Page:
• employee contact details and emergency contact details are kept up-to-date;
  • managers are able to spot symptoms of COVID-19 and are clear on any relevant processes and procedures, including sickness reporting and sick pay;
  • there are appropriate places to wash hands with soap and water for 20 seconds, and employees must be encouraged to do so regularly;
  • hand sanitiser and tissues are available for employees;
  • spaces in offices are optimised to allow social distancing, wherever possible; and
  • there are posters and leaflets in the workplace reminding employees not to attend work if they have a fever or cough, with advice to avoid touching their eyes, nose and mouth with unwashed hands.

How these changes may work with commercial leases

Before offices can be opened again, physical alterations will be required to current workspaces. Changes to work stations, new screens, barriers, partitioning and floor markings are unlikely to require landlord’s consent under a commercial lease. However, many office buildings include common areas, such as a reception, lobby, lifts and stairs. Landlords and tenants will need to consider whether conditions can be imposed or agreed for the use of these common areas to preserve social distancing.

Parties will need to ask the question about what is a reasonable amount of time allowed for a landlord to make these changes to the building before opening again, in order to permit access, particularly on multi let offices. Tenants may have already have agreed rent holidays with landlords, but there may be more pressure for rent concession requests and demands for access where there is some perceived discrepancy between a landlord’s stance on maintaining closure and the governments unclear back to work message.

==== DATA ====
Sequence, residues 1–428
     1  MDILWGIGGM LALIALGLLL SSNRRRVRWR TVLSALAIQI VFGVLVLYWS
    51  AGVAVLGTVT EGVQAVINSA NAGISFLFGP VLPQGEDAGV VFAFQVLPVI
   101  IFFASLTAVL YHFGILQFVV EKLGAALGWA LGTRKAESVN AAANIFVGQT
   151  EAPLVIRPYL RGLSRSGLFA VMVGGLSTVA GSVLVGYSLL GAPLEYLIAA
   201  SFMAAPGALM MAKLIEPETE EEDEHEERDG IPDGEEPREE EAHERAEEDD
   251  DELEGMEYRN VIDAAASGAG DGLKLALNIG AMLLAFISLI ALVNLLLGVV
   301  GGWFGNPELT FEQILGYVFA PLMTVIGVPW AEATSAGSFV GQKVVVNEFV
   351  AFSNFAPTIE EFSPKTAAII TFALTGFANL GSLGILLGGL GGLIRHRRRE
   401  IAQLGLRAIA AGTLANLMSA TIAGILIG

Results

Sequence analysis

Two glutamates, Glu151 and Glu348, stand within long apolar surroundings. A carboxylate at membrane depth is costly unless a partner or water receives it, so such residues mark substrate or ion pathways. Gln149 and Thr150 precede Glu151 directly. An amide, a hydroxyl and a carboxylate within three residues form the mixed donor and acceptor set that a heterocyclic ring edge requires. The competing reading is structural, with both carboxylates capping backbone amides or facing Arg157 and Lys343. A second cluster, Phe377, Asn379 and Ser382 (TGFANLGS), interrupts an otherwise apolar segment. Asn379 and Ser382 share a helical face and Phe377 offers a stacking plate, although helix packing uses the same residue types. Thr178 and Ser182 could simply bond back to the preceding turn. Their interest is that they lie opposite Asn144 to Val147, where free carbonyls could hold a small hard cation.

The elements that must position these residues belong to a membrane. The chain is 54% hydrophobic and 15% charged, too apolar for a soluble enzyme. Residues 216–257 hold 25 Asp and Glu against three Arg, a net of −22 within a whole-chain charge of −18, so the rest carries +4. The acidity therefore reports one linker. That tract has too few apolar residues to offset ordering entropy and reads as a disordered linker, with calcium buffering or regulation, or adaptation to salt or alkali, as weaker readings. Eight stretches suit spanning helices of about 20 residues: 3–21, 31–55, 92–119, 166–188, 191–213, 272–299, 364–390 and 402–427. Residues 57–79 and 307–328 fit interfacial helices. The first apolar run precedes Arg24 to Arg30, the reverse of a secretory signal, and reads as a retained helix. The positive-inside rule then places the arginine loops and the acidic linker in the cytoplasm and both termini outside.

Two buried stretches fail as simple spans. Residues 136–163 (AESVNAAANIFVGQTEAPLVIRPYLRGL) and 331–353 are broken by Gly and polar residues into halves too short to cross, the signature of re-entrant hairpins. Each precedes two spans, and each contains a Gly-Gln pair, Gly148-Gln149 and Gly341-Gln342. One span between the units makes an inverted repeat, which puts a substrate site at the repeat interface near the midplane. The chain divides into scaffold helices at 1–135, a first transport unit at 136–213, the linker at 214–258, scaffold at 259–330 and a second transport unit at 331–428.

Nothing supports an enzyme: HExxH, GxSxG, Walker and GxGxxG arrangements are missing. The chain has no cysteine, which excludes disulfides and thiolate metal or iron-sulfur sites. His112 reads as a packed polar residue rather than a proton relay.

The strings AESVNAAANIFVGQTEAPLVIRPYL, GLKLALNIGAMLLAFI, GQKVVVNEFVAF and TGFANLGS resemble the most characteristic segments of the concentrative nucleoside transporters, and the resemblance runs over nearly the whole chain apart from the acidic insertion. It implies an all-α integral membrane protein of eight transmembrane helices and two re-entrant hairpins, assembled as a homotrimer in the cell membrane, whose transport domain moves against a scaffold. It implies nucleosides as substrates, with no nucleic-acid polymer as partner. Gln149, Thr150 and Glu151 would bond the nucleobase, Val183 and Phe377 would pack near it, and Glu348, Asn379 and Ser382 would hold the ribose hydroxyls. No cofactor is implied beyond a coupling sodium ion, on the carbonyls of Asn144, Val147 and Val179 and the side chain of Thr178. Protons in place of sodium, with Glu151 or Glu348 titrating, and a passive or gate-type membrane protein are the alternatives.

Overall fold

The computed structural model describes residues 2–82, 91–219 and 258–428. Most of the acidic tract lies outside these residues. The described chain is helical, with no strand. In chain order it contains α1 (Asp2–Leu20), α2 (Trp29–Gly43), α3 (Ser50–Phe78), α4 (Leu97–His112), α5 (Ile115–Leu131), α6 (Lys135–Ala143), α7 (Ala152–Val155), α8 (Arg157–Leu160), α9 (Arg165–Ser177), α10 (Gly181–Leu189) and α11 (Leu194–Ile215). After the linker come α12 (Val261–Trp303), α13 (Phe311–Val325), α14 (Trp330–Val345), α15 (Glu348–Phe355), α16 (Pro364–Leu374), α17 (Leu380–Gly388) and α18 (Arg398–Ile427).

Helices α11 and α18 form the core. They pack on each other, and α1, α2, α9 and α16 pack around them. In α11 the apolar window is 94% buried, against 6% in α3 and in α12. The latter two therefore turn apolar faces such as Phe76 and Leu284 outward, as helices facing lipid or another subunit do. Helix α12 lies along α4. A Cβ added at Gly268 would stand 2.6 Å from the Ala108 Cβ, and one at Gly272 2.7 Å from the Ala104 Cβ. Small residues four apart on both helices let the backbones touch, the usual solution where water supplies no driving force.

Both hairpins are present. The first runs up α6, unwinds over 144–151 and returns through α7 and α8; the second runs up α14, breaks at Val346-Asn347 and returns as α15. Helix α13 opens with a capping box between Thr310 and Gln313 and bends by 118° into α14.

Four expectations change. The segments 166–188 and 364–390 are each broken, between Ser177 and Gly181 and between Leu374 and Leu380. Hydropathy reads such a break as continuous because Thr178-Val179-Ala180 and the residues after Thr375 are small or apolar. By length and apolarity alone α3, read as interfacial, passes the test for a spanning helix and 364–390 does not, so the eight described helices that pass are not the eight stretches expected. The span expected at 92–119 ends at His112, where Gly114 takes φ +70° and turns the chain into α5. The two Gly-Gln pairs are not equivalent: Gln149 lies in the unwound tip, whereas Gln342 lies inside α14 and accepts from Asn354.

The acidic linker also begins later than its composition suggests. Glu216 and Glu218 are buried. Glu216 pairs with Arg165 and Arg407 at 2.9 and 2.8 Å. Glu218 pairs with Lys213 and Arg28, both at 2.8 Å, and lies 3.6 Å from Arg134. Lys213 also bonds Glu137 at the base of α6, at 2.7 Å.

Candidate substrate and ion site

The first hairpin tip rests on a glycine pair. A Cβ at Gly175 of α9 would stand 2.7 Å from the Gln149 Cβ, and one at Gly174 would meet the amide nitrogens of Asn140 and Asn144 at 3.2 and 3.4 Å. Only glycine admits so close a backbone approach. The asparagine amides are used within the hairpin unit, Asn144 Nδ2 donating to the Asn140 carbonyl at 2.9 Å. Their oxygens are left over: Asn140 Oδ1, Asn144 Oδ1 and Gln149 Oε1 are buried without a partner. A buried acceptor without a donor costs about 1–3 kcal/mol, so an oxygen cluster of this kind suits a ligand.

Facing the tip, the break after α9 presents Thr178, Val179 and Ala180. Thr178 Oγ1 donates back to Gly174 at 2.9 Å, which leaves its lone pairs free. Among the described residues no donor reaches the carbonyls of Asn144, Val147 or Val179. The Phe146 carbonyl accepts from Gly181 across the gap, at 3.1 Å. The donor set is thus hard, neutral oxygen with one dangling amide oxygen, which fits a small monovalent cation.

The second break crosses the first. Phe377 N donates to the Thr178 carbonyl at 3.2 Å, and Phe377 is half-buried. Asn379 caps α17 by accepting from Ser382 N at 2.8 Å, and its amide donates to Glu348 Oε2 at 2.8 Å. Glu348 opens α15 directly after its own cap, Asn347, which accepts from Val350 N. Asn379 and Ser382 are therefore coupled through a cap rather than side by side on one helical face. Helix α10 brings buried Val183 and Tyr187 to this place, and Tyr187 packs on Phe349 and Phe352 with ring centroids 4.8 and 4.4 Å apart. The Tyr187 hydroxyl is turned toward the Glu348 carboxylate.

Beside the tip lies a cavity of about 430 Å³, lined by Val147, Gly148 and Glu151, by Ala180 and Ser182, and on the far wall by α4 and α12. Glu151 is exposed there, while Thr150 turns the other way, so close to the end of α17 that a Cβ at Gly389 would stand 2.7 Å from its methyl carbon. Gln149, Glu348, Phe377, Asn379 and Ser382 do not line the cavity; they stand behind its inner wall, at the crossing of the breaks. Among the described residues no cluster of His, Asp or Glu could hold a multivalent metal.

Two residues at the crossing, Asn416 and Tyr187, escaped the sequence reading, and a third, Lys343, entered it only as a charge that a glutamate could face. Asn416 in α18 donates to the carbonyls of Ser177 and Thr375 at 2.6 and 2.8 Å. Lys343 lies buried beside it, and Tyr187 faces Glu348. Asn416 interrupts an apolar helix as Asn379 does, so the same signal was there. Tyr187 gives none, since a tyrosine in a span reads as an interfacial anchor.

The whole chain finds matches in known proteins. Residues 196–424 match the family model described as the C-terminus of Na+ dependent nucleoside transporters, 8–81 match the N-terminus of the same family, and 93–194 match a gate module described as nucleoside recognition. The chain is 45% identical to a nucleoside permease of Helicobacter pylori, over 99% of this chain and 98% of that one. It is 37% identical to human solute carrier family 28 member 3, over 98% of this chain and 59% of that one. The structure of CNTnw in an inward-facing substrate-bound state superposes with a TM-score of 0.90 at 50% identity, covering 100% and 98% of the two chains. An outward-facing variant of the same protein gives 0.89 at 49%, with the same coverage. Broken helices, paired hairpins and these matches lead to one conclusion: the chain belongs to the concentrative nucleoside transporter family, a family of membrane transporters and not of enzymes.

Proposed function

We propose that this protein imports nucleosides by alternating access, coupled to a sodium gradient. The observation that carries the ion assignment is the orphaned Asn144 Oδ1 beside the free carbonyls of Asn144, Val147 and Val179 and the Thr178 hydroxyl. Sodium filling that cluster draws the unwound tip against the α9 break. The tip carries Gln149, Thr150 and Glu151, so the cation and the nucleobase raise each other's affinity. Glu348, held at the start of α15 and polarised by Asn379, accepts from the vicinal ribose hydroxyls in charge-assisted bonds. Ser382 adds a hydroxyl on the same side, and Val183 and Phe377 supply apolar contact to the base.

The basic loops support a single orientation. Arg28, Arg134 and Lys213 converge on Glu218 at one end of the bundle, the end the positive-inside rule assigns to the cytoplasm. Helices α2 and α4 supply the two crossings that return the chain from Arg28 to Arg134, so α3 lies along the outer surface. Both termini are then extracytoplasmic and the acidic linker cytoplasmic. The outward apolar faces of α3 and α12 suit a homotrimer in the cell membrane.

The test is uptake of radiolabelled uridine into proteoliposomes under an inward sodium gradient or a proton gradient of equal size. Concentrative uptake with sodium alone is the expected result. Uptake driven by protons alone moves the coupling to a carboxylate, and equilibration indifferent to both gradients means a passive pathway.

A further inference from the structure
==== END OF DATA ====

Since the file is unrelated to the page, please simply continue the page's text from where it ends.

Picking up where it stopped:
The requirement for buildings to be cleaned more frequently to tackle the spread of COVID-19, including deep cleans, are likely to be recoverable by the landlord through the service charge. Landlords and tenants will need to agree who should be responsible for any additional hygiene and other services that need to be provided by the landlord, which would usually be included in the service charge.

The government has suggested that workers stagger their times of work, to minimise contact between individuals. Landlords and tenants will need to consider whether agreed hours of use need to be extended and other services re-scheduled.

Most commercial leases contain a covenant for the tenant to comply with regulations or recommendations made by public authorities or by insurers. In the case of conflict between regulations and other terms of the lease (such as a keep open clause) the statutory requirements covenant will usually take precedence.

Commercial leases may also allow landlords to impose other measures on use of the property in line with the principles of good estate management. The parties should consider whether any measures, such as the mandatory use of masks within the common parts of the building, should be agreed for the mutual benefit of all.

These amendments may need to be documented in a side letter to the lease, or even in a deed of variation if these measures are to remain a permanent change to our working lives.